Rapid Variation of Crustal Thickness From an Ancient Craton to a Young Orogenic Belt


The thickness of the Earth's crust varies significantly, ranging from a few km along mid-ocean ridges to about 80 km along convergent boundaries. The accurate determination of the depth to the Moho, which is the boundary between the crust and the mantle, provides important information about the geological processes that led to the variations. Stacking of about 1100 source-normalized seismograms (or receiver functions) recorded at about 30 sites on the Siberian Craton and the Mongolian foldbelt reveals a dramatic change in Moho depth, from about 37 km beneath the Siberian Craton to about 45 km beneath the foldbelt. The change takes place over a distance of less than 20 km. The measurements suggest that the Baikal rift zone was probably formed along this zone of sudden change in Moho depth. We use the following stacking procedure to estimate the spatial variation of the Moho depths. In order to find the optimal depth beneath a recording site, we apply a series of candidate depths in the range of 15 to 55 km at an interval of 1 km. For each candidate depth, we compress or stretch a two-layer crustal model and calculate the moveout and the ray parameters using ray-tracing based on the modified crustal model. The amplitudes on the receiver functions corresponding to the moveout are stacked. The optimal Moho depth is the one that gives the maximum stacking amplitude.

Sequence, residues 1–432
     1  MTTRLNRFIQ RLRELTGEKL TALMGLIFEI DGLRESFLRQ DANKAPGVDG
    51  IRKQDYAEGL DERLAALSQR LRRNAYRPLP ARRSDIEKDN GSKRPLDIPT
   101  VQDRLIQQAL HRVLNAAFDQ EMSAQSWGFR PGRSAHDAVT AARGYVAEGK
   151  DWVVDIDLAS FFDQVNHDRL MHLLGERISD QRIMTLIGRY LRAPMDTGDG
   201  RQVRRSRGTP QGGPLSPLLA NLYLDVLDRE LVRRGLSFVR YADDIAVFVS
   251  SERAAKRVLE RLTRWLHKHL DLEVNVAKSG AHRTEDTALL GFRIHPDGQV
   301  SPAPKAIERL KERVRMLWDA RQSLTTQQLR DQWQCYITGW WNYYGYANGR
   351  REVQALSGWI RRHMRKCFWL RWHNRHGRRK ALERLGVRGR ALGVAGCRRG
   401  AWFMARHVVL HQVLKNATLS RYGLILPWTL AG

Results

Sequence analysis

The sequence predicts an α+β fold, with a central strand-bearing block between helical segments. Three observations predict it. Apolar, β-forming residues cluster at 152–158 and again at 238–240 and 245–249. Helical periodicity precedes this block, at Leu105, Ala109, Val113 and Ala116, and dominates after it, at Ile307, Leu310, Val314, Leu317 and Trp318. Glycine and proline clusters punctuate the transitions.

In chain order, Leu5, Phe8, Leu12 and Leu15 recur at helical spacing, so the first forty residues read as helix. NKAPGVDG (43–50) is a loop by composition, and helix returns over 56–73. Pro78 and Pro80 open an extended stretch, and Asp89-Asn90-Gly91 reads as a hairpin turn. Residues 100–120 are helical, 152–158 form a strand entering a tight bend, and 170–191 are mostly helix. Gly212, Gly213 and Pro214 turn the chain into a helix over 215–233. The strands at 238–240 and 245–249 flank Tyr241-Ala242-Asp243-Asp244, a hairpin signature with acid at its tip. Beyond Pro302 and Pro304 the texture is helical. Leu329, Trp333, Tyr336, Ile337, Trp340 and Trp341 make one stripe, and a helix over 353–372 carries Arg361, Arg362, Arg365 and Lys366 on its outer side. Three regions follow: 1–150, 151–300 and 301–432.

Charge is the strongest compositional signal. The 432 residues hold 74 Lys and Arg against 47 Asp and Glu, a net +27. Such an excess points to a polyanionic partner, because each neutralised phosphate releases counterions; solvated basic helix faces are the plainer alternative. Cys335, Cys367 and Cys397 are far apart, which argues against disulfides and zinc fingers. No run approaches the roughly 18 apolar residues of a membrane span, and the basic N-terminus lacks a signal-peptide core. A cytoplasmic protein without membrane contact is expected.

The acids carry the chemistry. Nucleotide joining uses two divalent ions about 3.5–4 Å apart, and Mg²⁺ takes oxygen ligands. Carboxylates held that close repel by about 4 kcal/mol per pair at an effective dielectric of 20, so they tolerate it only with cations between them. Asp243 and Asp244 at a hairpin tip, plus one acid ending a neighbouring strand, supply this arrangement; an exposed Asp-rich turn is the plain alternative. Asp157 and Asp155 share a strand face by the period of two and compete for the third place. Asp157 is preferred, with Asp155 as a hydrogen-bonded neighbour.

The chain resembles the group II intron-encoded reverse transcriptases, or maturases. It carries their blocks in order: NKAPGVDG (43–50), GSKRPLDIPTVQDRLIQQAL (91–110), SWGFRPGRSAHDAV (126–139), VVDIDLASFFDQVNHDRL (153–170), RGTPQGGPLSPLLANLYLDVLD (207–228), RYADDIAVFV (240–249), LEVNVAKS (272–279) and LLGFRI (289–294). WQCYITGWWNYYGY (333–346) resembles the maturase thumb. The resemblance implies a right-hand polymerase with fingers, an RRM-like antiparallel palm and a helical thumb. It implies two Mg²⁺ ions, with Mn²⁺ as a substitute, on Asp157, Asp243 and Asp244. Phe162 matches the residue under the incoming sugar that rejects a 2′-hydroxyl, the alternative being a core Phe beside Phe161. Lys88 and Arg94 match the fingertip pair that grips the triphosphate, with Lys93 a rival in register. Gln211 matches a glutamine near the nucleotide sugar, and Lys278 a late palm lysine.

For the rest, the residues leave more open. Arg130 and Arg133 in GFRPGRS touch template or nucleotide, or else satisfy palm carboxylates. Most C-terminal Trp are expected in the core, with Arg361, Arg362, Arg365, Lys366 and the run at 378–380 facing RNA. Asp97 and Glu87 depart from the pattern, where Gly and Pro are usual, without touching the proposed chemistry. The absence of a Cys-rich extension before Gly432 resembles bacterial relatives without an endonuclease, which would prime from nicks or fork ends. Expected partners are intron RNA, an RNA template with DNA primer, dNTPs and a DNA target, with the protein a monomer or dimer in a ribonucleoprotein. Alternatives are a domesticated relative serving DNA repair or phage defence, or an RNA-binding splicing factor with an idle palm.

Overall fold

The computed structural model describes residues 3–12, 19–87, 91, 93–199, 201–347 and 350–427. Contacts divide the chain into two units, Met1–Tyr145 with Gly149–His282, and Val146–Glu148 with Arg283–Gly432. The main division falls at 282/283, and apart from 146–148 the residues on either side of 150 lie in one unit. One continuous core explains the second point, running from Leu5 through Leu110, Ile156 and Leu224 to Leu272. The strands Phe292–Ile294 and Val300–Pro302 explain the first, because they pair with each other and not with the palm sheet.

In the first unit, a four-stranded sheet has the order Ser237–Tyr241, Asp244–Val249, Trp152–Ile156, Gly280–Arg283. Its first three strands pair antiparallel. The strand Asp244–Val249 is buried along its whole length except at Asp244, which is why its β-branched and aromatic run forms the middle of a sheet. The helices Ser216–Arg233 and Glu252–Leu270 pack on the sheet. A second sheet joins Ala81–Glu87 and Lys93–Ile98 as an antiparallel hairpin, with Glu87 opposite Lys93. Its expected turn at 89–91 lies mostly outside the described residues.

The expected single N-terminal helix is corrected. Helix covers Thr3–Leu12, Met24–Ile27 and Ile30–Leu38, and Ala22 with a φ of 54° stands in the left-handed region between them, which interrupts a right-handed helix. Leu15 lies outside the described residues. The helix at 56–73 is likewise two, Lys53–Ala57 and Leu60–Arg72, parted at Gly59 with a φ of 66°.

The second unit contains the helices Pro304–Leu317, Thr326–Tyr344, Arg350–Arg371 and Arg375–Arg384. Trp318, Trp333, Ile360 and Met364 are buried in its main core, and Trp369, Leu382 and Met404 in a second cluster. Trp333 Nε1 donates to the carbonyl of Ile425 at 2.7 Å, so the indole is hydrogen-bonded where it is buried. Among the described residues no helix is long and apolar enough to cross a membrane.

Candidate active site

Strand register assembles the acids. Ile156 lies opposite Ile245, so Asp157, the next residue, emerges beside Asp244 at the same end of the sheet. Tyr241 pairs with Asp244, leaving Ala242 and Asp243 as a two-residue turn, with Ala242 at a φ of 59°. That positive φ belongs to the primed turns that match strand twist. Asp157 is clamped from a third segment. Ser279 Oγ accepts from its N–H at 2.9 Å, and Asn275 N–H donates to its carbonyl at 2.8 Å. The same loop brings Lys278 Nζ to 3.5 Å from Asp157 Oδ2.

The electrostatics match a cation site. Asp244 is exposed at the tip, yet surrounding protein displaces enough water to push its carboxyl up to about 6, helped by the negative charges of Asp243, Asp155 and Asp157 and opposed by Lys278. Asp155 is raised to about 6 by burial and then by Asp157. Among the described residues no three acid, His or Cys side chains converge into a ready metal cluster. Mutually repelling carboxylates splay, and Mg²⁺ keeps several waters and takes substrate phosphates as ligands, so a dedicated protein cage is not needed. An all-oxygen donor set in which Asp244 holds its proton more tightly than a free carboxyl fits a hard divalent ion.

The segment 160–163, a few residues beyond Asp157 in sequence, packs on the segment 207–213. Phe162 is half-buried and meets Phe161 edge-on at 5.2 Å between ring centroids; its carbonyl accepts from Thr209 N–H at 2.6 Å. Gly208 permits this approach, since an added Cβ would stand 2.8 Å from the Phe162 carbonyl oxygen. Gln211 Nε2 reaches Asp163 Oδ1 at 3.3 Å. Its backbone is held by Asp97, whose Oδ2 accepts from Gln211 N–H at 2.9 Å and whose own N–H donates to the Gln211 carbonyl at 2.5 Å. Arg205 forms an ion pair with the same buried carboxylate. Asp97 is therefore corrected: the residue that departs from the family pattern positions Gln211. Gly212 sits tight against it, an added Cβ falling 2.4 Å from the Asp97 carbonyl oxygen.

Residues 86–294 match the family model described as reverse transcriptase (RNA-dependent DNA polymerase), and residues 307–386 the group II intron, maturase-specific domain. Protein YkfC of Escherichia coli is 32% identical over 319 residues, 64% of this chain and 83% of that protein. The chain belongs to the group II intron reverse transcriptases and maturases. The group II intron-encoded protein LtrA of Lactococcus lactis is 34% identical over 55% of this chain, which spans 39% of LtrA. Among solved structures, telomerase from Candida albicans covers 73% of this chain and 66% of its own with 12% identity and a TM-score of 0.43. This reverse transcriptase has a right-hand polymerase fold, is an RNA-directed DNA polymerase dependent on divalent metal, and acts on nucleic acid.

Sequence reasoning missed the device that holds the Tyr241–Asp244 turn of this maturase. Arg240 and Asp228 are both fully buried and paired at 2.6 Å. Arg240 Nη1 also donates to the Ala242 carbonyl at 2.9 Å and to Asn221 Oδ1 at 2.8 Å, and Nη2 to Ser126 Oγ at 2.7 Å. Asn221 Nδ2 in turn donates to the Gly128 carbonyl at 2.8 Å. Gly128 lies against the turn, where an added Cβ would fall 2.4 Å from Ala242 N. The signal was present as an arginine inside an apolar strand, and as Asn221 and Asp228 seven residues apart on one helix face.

Meeting Name

AGU Fall Meeting (2000: Dec. 15-19, San Francisco, CA)


Geosciences and Geological and Petroleum Engineering

Document Type

Article - Conference proceedings

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© 2000 American Geophysical Union (AGU), All rights reserved.

Publication Date

01 Dec 2000

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